Tomlinson, Carol (2001). How to differentiate instruction in mixed-ability classrooms, 2nd Edition. Association for Supervision and Curriculum Development. [PDF]

Unknown Author. (2010). Methods of Differentiation in the Classroom.  BBC Active. Retrieved from http://www.bbcactive.com/BBCActiveIdeasandResources/MethodsofDifferentiationintheClassroom.aspx

Wright, Jim. (2012). RTI: Best Practices in Secondary Math Interventions (7-12). Intervention Central. Retrieved from http://www.jimwrightonline.com/mixed_files/WI_ED_2012/wright_RTI_Math_Secondary_2_Oct_2012_WI_Ed_Resources_LLC_PPT.pdf



7 thoughts on “Week 2: How do you make decisions about your own actions for students in a differentiated classroom? What is your criteria for intervention, and/or for letting learning happen?

  1. Your concept map was great. I like how specific it is for what you are doing in the school. I also liked the different teacher metaphors. The easiest one for me to relate to was the coach metaphor. Wanting the best for students, but knowing that we can do do it for them can be a struggle sometimes. When do you find time to have students use the different intervention programs. Is it substituted for other classwork or do they have to do both?


    • I have to admit that my concept map was a hypothetical reality of intervention and learning. I struggle with implementing RTI at the high school grades. In fact, I commented on Jim’s blog that if a high school implemented a study hall period, it may work like it does with elementary grades with their flexible schedule, self-contained class. Will need to do more research and convince administration to change the status quo.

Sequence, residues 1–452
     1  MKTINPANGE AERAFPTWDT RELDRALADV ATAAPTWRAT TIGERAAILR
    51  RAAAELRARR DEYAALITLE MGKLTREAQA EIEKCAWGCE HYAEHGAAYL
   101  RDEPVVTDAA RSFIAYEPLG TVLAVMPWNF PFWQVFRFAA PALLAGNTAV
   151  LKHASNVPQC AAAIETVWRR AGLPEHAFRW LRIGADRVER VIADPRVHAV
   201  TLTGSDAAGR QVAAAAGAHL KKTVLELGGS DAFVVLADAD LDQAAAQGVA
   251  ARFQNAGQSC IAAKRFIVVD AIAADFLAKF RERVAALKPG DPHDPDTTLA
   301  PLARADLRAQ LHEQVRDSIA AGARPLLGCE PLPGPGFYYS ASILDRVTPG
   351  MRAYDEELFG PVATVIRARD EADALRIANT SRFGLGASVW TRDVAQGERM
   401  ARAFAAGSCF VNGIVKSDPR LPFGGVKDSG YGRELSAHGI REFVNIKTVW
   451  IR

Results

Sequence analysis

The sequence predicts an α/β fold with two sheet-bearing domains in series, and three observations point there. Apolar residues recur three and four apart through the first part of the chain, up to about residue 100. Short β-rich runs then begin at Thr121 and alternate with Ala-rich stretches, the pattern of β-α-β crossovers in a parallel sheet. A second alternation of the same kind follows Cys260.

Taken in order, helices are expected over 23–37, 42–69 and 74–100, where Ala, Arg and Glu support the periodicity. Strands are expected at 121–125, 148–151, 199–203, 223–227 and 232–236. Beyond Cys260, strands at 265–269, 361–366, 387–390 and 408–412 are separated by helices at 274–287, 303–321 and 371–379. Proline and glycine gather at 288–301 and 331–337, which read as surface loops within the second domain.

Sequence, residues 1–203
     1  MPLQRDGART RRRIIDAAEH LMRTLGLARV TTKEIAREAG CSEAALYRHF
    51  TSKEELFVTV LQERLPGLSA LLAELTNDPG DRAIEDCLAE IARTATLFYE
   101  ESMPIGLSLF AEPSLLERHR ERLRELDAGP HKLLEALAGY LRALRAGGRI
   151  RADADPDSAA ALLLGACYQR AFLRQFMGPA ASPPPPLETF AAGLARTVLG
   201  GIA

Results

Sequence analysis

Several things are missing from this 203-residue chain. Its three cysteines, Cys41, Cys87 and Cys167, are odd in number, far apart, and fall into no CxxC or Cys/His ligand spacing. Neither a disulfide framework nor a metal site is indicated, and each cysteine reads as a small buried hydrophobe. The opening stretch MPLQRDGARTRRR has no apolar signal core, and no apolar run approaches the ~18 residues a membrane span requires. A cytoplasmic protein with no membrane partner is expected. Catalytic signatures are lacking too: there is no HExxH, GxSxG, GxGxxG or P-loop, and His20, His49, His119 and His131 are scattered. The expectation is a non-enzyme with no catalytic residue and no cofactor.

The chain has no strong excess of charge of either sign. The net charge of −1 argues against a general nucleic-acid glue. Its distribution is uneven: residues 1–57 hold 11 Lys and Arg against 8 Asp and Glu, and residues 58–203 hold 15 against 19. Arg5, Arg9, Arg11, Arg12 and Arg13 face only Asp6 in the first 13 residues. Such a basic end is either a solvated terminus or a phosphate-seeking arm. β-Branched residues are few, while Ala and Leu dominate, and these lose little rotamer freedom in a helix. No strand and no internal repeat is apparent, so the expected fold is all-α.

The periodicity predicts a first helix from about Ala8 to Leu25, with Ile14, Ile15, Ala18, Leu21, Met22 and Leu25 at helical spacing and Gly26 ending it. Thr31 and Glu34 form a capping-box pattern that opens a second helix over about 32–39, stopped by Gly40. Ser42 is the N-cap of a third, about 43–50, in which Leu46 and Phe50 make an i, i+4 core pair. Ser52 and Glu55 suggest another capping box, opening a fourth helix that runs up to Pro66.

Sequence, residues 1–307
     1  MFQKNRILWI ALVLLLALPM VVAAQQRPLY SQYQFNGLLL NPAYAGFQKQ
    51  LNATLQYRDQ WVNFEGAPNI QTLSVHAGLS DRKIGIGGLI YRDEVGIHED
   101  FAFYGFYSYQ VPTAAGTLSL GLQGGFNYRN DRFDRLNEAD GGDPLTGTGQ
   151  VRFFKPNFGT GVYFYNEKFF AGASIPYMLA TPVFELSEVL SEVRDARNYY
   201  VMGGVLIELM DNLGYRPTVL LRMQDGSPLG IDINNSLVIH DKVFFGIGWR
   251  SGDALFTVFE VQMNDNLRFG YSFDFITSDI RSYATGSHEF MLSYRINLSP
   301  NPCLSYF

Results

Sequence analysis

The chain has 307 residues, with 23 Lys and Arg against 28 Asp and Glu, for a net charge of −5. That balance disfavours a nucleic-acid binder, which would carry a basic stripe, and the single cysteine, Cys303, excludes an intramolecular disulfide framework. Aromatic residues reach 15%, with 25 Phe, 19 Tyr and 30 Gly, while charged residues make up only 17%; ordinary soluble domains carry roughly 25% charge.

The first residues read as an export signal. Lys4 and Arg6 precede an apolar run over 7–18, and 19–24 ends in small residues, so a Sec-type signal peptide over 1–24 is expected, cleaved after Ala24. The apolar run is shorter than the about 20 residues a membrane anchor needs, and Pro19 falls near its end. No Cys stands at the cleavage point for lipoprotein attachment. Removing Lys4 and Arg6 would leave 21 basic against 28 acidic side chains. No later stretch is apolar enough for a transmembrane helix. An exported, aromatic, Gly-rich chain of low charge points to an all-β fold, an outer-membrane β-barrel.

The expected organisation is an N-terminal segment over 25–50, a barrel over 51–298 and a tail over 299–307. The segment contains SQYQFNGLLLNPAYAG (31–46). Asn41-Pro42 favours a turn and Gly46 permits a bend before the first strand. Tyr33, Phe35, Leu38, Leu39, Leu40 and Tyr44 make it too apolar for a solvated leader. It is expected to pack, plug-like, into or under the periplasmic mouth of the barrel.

2. Although not the focus of your entire post, I think your comment about addressing student “holes” resonated with me the most (and sends me on a bit of a rabbit chase). As an Instructional Designer in a higher ed nursing program, I watch as our faculty try to implement new strategies that research has shown to be effective to student learning and I see their frustration when students push back. Take, for example, the flipped classroom model. In a subject as content and synthesis heavy as nursing, having students move some content acquisition out of the classroom gives them more time for hands-on learning with their peers (and instructor guidance/correction). The students, however, push back because they are used to a model wherein they are told by instructors what they need to know for the test in lectures that are prescribed throughout the course.

    How does this relate to differentiation and “holes”? If viewed through the concept of alignment, quite a bit. Imagine if, within individual school districts, teachers were given the time and support to move beyond the alignment required in the standards, making aligned decisions, from the Kindergarten to senior levels, about how students receive content instruction. Imagine if a district was fully behind the differentiation process and supported its teachers in implementation throughout their time in the formative education process. How powerful and effective could a classroom be if communities of learners had been cultivated long before we see students at the high school level? How self-aware would our students be of their abilities, accomplishments, etc.?